Improving our internal tools - Part I: Design process for Flexi UI

Change is the trigger & tool to put us ahead of the present and open a better, more productive, and more efficient future.

Design process
(Image credit: Photo by NEW DATA SERVICES on Unsplash)

At Future, we are focused on creating and distributing trusted, specialist content to build engaged and valuable global communities. That is why we, the Tech & Eng department, understand the need to develop the right tools that help our colleagues successfully achieve Future's goals and deliver the best possible platforms to colleagues, and correspondingly, the best possible content to our audiences.

Future has been delivering content for decades. Many tools have been developed during this time, and inevitably, technologies, standards, and objectives have changed, creating uncertainty and making difficult the maintainability and scalability of our tools. However, this uncertainty leads us to think about new exciting changes that will solve more and more problems and give us light to decide on a plan to action new projects that improve what is suddenly not working anymore. 

Currently, some of our tools have grown so much or have changed their initial purpose that it is necessary to reevaluate them, check why they are not working as intended anymore, and improve based on the gathered knowledge. Changing and updating our stack will put us ahead of the present and open a better, more productive, and more efficient future.

In this blog, we will be discussing the initial engineering process to improve our internal tool, Flexi UI. The aim of Flexi UI is to provide a centralised internal tool to be used by various stakeholders to ease and be efficient when creating new Magazines/Sites. The initial reception of the tool was good, and it proved valuable for the business. However, as time passed, we realised it was falling short in terms of UX, and the technical side of it was in desperate need of improvement.

After listening to many pain points from our developers, we understood that the solution wasn't to add more features; the solution was to redo the UI to the latest standards and based on design theories and feedback provided by real users. In this way, performance, efficiency, developer experience, and user experience would be boosted.

Flexi UI - Current version

Flexi UI - Current version

(Image credit: Future)

Our process


During many meetings, we started hearing that people were struggling to use Flexi UI. That's why we set up sessions and a plan to address this situation. This was our initial process:

1. Listen: We organised brainstorming sessions with different stakeholders and gathered all positive and negative information about their experience with the app. The groups were small, with a maximum of 4-6 people, involving individuals with different levels of expertise and roles in the company. The only rule for selecting participants was that they had to have used the app at some point. The brainstorming sessions allowed everyone to talk in a safe space, ensuring that no member influenced the other.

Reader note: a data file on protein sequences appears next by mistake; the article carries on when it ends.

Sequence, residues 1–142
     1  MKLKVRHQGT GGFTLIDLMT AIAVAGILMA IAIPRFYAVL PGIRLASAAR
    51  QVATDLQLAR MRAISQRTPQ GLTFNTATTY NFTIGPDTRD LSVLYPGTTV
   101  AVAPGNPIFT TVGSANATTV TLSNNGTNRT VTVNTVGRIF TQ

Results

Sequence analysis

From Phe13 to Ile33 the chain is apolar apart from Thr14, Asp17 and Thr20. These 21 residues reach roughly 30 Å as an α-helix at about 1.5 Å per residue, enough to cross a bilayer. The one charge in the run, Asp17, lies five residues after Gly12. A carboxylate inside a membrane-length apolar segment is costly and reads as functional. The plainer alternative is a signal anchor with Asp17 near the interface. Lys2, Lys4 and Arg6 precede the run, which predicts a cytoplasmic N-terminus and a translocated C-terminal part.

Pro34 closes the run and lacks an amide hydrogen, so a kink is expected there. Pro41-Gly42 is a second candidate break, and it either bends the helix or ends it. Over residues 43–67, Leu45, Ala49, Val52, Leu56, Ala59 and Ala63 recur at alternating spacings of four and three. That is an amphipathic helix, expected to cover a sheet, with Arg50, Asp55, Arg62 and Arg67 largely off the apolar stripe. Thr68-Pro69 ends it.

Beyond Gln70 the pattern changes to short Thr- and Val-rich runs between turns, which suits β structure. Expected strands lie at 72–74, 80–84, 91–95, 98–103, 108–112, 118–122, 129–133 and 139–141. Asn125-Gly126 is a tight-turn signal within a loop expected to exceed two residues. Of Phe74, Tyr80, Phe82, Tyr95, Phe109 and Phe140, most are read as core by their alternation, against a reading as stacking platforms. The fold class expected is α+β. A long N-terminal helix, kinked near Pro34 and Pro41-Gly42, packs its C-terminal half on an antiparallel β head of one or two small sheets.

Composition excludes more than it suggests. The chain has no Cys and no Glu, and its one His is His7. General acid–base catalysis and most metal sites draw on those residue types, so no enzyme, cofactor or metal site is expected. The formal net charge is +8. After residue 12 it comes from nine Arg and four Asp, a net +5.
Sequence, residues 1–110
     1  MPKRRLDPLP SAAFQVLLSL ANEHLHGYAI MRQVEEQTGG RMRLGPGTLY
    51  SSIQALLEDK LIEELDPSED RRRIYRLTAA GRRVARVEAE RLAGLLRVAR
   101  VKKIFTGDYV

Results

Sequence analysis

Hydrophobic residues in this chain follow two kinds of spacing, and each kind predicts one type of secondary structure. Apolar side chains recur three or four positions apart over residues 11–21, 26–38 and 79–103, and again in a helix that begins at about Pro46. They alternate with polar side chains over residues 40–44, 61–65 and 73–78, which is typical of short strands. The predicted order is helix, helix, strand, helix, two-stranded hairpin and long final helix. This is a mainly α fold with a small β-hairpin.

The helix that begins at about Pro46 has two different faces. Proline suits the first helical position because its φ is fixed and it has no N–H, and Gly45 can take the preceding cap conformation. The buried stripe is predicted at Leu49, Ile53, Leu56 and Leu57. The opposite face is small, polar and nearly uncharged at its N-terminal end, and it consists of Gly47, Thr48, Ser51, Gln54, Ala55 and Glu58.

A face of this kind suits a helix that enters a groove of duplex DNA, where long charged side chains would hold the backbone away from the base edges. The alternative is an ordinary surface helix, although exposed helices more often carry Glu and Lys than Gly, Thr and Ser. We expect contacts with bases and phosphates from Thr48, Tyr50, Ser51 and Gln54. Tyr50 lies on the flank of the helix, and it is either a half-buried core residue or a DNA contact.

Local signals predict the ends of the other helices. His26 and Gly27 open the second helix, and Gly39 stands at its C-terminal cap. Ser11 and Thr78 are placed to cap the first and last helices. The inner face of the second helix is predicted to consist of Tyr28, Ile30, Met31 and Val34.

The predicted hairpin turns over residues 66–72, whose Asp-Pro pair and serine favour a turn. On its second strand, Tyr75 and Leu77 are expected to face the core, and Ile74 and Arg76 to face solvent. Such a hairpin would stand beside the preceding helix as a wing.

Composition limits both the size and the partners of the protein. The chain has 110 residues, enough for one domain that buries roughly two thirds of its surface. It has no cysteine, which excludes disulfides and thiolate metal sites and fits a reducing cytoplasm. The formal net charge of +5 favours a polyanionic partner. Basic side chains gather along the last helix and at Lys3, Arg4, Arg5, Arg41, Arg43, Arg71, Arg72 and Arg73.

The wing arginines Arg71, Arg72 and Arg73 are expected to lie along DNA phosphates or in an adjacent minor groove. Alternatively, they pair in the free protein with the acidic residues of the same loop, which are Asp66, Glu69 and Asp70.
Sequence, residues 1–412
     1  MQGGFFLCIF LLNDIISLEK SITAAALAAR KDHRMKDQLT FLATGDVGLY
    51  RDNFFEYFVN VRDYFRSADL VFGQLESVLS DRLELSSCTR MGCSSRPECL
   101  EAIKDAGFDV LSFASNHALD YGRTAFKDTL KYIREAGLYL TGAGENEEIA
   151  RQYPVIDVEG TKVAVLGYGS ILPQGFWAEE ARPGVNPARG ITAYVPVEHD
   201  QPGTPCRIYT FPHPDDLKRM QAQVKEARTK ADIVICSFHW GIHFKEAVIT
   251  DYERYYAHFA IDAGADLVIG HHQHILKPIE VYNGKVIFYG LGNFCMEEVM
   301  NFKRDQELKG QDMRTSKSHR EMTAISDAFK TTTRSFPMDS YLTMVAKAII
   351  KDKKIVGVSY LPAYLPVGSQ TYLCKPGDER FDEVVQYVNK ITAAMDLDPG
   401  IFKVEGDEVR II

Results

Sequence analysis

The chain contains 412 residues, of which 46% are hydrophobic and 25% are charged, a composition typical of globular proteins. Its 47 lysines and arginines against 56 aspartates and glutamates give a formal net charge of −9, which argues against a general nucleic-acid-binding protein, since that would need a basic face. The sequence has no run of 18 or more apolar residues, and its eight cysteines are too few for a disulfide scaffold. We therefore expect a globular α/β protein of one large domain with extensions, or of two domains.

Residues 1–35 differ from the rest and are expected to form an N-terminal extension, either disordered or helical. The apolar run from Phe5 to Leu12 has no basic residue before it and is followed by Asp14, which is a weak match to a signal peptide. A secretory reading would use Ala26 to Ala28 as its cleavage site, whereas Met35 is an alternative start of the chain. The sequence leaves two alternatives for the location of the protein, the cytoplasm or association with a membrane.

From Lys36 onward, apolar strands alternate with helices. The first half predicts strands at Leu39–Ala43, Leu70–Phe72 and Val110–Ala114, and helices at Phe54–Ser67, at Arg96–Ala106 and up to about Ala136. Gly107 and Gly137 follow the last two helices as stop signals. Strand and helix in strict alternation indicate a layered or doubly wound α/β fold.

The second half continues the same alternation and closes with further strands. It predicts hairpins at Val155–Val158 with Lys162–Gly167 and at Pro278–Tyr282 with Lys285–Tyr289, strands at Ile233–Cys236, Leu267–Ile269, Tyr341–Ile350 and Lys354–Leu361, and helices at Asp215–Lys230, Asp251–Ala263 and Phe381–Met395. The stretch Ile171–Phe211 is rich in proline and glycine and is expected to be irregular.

2. Create a proposal: For this step, we created an inventory of the current features of the UI and a sitemap to possibly improve user journeys. With this information, along with what we had already gathered, we created wireframes. For this task, we used Figma as it is a very complete tool and it helps us to share fast in real time & gather comments on the design. These were constantly shown to tech leaders and stakeholders to verify and validate if we were heading in the right direction toward a solution. 

3. Pitch the idea to leadership: Once there was a solid proposal for this change, we called a meeting to pitch the proposed solution to leadership. We discussed the main goals, feedback, pain points, information architecture, wireframe, and an initial technical proposal to provide food for thought about the overall effort required. 

4. Flesh out the idea: With new feedback and more ideas from the business point of view, we iterated again on the designs and proposal. We started creating a low-fidelity view of the journeys, always thinking of solutions that could reuse patterns from other internal tools to reduce training times and improve internal UX in an innovative way. We maintained a mindset of sharing fast and improving ideas fast.

We continuously had "tell & show sessions" with the stakeholders where we gathered feedback and changed direction when needed, at the right time.

5. Create a plan: After the low-fidelity designs were approved, we decided on what would be the first journey to develop and started to create a plan. This included full journeys, technical plans, product discussions, infrastructure, timescales, the team that would be involved in the development of the new app, among others.

6. Final journeys: In the first instance, we finalised the designs to high-fidelity, ready for a developer to take them and transform them into a usable UI. These journeys were so variable as more features were developed during the discussions and design, so the iterations on the design had to take this into account constantly, especially for the final journey.

Flexi UI - final functional design

Flexi UI - final functional design

(Image credit: Future)

7. Technical discussions & development: This is a story for another blog. Watch this space for more about our thinking & engineering process to develop internal tools.

Tech Lead